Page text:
Taxing beauty / Simmering melancholy

Close up on an eye with artfully applied eyeshadow and thick black winged eyeliner
Veronica j. Vansk [CC BY-ND 2.0] via Flickr

Today: Writer and editor Julianne Escobedo Shepherd, who is currently a contributing writer at Pitchfork; and John Saward, a writer based in Chicago.

Issue No. 50

You a Female
Julianne Escobedo Shepherd

Pasta Sauce
John Saward

You a Female

by Julianne Escobedo Shepherd

In 2009, to promote his album 808s and Heartbreaks, I orchestrated a Kanye West cover for a music and culture magazine, where I was executive editor. The photo shoot, like all our photo shoots, was conducted documentary-style, in order to avoid studio costs; after the shoot, the label tried to charge me $250 for haircutting services, despite never having agreed on or even discussed the expense beforehand. I found the bill especially absurd in the wake of the 2008 financial crisis, which had forced layoffs at our publication and slashed our budgets, and I declined to be stuck with such a fee from a multimillionaire artist backed by one of the biggest labels in music. 

That same year, I wrote about the lack of girl groups in contemporary R&B, after the breakup of Destiny's Child and in the wake of the golden era of SWV, TLC, Xscape, Allure, Blaque, 4LW and the like. A parallel conversation back then held that there could only be one famous woman rapper at a time, amid a seemingly unending supply of male rappers—not just because of industry misogyny, but because the beautification process that these women ostensibly required (to please those industry misogynists) was simply too expensive.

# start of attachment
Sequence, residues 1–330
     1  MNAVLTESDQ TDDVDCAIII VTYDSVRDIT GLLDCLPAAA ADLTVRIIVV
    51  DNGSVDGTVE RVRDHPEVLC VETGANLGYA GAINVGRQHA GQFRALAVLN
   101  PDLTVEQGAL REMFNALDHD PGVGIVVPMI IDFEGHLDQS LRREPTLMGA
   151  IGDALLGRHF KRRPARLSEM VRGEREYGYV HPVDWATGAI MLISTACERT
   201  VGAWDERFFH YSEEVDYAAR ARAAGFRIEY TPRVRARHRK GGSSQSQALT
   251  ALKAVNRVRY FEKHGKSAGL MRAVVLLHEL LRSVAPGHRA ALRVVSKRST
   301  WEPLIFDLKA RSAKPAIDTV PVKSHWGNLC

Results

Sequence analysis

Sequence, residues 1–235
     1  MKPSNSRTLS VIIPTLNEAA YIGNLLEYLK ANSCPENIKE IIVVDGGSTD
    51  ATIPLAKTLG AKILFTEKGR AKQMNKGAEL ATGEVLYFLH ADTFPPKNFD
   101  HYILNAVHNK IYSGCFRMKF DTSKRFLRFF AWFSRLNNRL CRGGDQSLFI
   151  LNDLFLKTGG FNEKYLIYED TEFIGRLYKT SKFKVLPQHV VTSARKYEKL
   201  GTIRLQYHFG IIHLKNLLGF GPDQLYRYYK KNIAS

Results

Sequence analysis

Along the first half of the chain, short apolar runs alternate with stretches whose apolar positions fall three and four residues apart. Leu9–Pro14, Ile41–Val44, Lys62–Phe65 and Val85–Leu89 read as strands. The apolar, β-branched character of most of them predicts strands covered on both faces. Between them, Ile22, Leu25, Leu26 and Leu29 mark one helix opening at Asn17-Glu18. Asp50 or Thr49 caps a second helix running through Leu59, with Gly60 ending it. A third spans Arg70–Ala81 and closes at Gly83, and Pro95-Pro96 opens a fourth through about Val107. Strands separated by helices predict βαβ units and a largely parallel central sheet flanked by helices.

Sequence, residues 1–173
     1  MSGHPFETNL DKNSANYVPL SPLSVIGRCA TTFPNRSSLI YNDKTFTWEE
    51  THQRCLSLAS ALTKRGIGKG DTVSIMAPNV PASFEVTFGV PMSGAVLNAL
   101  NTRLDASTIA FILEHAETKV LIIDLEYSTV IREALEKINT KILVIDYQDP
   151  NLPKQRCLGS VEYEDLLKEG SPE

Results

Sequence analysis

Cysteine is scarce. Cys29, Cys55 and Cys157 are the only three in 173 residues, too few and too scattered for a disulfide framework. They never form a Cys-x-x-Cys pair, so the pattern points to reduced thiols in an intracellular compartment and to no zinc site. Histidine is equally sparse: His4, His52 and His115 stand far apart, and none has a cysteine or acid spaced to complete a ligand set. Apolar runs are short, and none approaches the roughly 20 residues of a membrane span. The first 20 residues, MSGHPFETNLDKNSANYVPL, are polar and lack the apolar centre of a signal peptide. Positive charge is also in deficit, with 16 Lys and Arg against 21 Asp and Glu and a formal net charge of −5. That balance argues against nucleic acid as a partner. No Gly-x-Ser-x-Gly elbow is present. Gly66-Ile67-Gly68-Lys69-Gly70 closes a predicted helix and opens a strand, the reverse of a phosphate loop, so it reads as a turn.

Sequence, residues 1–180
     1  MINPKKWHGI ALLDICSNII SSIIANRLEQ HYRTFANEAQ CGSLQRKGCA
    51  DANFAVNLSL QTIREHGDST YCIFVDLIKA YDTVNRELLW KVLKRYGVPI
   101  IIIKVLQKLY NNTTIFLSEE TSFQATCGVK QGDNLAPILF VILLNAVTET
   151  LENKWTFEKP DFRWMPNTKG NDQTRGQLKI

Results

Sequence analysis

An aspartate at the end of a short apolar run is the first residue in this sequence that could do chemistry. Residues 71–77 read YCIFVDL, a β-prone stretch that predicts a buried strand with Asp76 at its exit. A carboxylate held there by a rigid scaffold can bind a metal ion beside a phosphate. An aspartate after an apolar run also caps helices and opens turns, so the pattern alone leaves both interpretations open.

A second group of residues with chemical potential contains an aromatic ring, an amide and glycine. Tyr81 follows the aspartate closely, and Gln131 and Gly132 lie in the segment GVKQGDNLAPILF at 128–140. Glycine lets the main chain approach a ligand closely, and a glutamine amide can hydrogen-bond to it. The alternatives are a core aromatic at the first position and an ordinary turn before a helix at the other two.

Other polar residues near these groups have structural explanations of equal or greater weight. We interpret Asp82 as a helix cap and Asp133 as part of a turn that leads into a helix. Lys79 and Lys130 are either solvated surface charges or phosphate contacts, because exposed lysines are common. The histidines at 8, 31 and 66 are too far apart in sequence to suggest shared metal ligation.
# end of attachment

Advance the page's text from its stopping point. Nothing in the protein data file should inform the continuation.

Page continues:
My story was centered around an exciting new quartet called Electrik Red, which was composed of four art school friends from New York and Toronto. You may have heard of them, but you likely haven't, despite being the concept of the newly ascendant musician The-Dream, who had become famous by writing songs like Beyoncé's “Single Ladies” and Rihanna's “Umbrella.” Electrik Red released a single album, How to Be a Lady, Vol. 1, which I still consider a terrific pop romp in the lineage of Prince and Vanity 6. In their mid-twenties, all four members of Electrik Red had been well-known professional dancers—they'd performed as Ciara's posse in the “Like a Boy” video, for one—and were thus versed in the pitfalls of the industry. Their look, like their songs, was cute, sexy, mature; they made music about their own agency and desires. Volume 2 would never come to pass

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